The auto industry is continuing its progress towards the goal of having “autonomous” vehicles. These cars that will someday be operated via automation will theoretically make the roadways safer by limiting the element of human error. Meanwhile, recent developments in automotive technology are aimed at preventing vehicle crashes. Safety belts and airbags are designed to reduce the chances of severe injury or death when a vehicle is involved in a collision. The latest advancements in auto safety are geared to prevent the collision from occurring. Front crash prevention systems employ several kinds of technology including cameras, radar, and laser. These units act as sensors or scanners to recognize when another vehicle or object in either too close ahead or has suddenly entered the path of travel, posing an impact risk. When a potential problem is recognized, the system immediately alerts the driver. In addition to merely providing an alert, automatic braking technology goes a step further by automatically engaging the vehicle's brake system which may prevent a collision or assist by reducing the speed at which the impact occurs. The Insurance Institute for Highway Safety (IIHS) recently completed reporting on vehicles which have front crash prevention and automatic braking systems with some positive findings as follows:
- Forward collision warnings reduce crashes by roughly 23%
- Vehicles with the autobrake system reduce these crashes by approximately 40%.
- The technology will definitely reduce the volume of crashes and lessen the resulting injuries such as whiplash.
- Approximately 700,000 fewer annual accidents could be avoided.
Another variation associated with these safety advances uses the front crash prevention systems and automatic brake technology in conjunction with the vehicle's cruise control option. This adaptive style cruise control employs the technology to ensure the car is maintaining a safe distance between a car and the vehicle(s) traveling ahead. This seems to be a worthwhile application of the technology, as drivers tend to be less engaged and attentive without the concerns of monitoring speed and manually accelerating while in cruise control mode.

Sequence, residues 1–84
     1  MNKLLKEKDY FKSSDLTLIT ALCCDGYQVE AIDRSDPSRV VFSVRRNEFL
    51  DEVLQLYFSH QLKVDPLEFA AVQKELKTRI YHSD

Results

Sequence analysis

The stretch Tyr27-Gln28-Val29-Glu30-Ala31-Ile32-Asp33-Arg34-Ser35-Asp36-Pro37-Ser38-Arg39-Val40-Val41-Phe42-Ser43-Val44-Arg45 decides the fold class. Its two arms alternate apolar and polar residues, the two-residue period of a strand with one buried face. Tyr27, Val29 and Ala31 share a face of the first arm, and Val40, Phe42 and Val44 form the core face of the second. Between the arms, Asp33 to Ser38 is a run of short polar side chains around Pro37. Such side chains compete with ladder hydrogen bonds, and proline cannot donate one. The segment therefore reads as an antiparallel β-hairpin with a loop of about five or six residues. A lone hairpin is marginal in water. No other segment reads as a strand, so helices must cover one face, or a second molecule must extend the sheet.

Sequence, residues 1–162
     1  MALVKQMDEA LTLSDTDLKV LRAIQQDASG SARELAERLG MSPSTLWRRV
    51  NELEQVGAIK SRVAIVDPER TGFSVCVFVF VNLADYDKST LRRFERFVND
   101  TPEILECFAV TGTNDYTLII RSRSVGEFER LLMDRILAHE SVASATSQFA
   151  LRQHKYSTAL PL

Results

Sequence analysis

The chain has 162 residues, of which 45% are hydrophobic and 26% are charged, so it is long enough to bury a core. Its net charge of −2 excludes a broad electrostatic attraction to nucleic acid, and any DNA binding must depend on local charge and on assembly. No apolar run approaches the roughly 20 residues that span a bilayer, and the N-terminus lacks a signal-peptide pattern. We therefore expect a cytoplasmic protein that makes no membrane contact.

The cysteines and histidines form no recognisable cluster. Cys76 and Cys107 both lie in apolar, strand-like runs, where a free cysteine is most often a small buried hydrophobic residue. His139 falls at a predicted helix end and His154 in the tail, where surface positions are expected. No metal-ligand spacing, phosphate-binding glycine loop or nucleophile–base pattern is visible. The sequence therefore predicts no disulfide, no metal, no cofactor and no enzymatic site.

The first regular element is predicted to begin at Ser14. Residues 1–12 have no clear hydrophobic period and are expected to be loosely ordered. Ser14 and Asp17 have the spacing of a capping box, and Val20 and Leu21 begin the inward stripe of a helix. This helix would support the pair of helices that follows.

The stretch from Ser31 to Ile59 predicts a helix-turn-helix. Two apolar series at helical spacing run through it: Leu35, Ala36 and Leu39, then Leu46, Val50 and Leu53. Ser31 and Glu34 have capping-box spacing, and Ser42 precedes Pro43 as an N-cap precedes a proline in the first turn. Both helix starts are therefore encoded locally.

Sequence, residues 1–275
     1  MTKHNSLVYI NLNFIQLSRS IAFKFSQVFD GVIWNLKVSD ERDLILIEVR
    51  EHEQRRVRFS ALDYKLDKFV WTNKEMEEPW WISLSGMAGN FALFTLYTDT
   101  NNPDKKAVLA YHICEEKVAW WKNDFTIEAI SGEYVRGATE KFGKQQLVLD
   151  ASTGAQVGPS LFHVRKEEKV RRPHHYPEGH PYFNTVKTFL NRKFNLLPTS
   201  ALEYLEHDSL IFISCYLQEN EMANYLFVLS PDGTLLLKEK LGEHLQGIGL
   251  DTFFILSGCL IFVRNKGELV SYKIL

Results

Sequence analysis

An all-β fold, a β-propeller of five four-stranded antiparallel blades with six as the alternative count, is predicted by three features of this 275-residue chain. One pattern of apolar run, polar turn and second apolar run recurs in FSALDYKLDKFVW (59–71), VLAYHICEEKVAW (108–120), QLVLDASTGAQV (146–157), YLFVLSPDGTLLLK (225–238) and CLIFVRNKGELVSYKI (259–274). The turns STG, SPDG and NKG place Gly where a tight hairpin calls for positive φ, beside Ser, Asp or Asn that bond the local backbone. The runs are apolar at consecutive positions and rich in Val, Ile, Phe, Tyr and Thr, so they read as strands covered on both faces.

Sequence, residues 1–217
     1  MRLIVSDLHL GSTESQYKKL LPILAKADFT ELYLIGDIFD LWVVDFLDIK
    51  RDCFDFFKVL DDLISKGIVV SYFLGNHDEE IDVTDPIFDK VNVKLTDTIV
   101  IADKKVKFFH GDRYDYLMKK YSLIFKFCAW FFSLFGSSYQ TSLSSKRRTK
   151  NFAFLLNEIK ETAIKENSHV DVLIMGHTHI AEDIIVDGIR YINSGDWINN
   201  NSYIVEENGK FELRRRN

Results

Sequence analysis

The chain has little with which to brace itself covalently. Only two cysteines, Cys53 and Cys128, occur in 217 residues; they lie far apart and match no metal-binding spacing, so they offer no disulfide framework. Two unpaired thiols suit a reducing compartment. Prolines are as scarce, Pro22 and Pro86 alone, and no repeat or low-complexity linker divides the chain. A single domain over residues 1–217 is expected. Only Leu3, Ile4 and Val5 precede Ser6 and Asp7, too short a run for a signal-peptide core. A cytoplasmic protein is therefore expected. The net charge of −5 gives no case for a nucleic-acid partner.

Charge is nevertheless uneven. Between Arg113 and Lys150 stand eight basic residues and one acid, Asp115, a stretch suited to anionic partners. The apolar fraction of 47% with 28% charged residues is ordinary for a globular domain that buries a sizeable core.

It appears that manufacturers are committed to adoption of these systems in their vehicle production. The U.S. Department of Transportation's National Highway Traffic Safety Administration and the IIHS made an announcement that twenty auto manufacturers are committed to having auto brake response systems as standard vehicle equipment by 2022. This is a commitment from approximately 99% of the manufacturers that produce cars for usage in the US.
The reality when traveling along Colorado roadways is that accidents will happen and many of them result in serious injuries and fatalities. The Law Firm of Jeremy Rosenthal has been representing those victimized in auto accidents when they need it the most. Through expertise in the interpretation of the law and years of involvement in impassioned negotiations, we stand up for the rights of you and your loved ones. Make the call to the office today for a free consultation.